Medical tourism has also recently mushroomed in India. Tourism industry is a big foreign exchange earner in India, yet the industry still is hampered by Tourism development has always has been an integral part of the country’s five-year plans. Initially allocations were meager: Rs. 3. 36 crore in the Second Plan,Rs. 5 crore in the Third Plan & Rs. 36 crore in the Fourth Plan. It was doubled in the Fifth Plan. The National Tourism Policy in 1982 gave a momentum to this sector. Expenditure rose from about Rs. 187 crore in the Seventh Plan to Rs. 95 crore in the Ninth Plan and further to Rs. 2900 crore in the Tenth five-year Plan. The Tourism Development Corporation, Tourism Finance Corporation, Hotel Management and Catering Technology Institutes, Food Craft Institutes, Indian Institute Tourism and Travel Management, India Tourism Development Corporation, Indian Association of Tour Operators, Travel Agents Association of India and a large number of hotel management colleges, sports and adventure clubs, beach resorts etc have also contributed to the growth and development of this industry. Emphasis laid on HRD is clear.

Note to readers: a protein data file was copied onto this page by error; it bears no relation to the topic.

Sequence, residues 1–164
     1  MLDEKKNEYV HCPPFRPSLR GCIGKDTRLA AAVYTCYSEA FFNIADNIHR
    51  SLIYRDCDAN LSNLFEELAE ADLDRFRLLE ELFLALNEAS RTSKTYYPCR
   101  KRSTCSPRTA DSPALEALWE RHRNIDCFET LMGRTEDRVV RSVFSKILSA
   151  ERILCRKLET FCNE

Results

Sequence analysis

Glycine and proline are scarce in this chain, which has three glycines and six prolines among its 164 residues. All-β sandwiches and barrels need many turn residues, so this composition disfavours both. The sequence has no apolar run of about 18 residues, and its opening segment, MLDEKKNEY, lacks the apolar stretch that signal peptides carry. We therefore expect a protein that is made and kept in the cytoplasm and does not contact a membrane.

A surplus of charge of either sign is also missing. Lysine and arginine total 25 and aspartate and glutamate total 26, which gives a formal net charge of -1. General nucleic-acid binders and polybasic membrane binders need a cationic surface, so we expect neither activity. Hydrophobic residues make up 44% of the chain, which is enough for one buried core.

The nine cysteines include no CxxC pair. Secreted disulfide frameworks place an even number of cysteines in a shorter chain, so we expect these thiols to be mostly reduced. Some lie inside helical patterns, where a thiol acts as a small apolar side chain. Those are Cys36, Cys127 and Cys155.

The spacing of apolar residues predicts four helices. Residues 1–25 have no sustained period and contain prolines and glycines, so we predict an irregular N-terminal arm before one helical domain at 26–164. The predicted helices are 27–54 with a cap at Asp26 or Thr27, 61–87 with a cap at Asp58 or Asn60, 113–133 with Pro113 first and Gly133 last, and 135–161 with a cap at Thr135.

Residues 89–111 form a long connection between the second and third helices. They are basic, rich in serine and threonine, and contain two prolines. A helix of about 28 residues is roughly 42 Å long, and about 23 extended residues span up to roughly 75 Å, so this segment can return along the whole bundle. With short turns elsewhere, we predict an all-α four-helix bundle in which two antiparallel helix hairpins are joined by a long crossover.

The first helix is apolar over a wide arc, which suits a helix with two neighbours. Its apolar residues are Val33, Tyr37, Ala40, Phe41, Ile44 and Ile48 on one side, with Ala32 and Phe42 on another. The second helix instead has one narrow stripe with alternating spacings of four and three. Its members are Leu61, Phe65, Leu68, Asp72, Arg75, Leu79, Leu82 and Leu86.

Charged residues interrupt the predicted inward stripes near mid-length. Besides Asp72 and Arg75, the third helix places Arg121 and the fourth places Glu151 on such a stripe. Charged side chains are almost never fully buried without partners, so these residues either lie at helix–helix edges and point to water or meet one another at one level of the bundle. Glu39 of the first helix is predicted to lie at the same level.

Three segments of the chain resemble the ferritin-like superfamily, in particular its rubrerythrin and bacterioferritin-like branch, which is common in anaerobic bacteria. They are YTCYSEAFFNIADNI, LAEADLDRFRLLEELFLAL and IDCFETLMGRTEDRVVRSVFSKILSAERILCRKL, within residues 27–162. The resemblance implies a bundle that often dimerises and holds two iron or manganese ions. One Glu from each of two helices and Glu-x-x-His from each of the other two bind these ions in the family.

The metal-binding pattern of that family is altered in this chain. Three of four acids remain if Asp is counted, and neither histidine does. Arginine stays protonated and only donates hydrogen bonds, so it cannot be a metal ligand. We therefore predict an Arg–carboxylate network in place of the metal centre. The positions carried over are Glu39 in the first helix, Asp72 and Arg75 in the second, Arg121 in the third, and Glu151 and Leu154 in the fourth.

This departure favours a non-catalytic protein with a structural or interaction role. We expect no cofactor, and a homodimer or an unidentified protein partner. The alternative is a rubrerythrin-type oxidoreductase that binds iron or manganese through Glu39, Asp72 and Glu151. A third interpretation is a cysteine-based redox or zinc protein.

The first major effort to promote the industry was launched with the announcement of 1991 as the ‘Visit India Year’. Enormous tourist resources were commercialized. The first ever Indian Tourism Day was celebrated on January 25, 1998. The year 1999 was celebrated as ‘Explore India Millennium Year’ with a host of shows, exhibitions etc. The next decade saw the restructuring of the schemes of Integrated Development of Tourist Circuits, and Product/Infrastructure Destination Development. Additional schemes/incentives were announced for service providers. Upgrading of beaches, airports, tax incentives were also introduced.